What is the formula for the Buffett Indicator? ›

It is calculated by dividing the stock market cap by gross domestic product (GDP). The stock market capitalization-to-GDP ratio is also known as the Buffett Indicator—after investor Warren Buffett, who popularized its use.

How to interpret the Buffett Indicator? ›

Interpreting the Market Cap to GDP Ratio

A Price/Sales ratio of greater than 1.0x (or 100%) is generally considered a sign of being highly valued, while companies trading below 0.5x (or 50%) are considered to be cheap.

What is the fair value of the Buffett Indicator? ›

What returns can we expect from the stock market?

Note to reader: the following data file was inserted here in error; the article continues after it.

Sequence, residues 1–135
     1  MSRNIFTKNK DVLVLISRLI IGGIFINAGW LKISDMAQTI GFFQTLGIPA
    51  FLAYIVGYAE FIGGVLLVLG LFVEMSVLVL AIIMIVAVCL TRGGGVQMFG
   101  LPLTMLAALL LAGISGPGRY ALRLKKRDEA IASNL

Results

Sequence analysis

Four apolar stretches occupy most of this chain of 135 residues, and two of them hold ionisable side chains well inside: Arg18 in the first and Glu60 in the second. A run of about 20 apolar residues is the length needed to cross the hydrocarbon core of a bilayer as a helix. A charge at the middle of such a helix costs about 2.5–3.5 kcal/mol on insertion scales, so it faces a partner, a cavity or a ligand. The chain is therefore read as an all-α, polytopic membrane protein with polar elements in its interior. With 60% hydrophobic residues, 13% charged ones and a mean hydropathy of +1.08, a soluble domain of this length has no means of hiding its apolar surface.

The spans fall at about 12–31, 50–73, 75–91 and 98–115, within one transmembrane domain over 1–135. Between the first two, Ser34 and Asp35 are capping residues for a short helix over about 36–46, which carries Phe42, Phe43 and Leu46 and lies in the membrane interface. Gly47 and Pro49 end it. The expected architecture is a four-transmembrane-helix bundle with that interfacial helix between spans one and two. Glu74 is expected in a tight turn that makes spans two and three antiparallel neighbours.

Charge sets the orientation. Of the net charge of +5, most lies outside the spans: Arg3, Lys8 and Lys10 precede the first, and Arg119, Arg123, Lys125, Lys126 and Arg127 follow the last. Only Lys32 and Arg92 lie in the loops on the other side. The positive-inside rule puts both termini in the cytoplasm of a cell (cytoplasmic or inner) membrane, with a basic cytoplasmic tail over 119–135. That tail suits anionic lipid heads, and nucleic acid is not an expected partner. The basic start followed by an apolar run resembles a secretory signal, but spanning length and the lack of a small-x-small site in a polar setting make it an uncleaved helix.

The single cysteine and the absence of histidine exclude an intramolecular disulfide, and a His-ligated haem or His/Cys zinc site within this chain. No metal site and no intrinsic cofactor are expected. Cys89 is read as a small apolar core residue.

Ratio = Total Market Cap / (GDP + Total Assets of Fed)Valuation
68% < Ratio ≤ 88%Modestly Undervalued
88% < Ratio ≤ 107%Fair Valued
107% < Ratio ≤ 126%Modestly Overvalued
Ratio > 126%Significantly Overvalued
2 more rows

How to use a Buffett Indicator? ›

The Buffett Indicator takes the total market capitalization which includes all the listed companies of a country and divides it with the total GDP - be it annual or quarterly. The Indicator, also known as the market cap-to-GDP ratio, compares a country's overall stock market value to its total annual economic output.

What is the 10x rule Buffett? ›

The rule really is an observation that Buffett has paid ~10x pretax earnings for many of his largest and best deals, ranging from Coca-Cola, American Express, Wells Fargo, Walmart, Burlington Northern, and the more recent Apple investment.

What are Warren Buffett's 5 rules of investing? ›

Here's Buffett's take on the five basic rules of investing.
  • Never lose money. ...
  • Never invest in businesses you cannot understand. ...
  • Our favorite holding period is forever. ...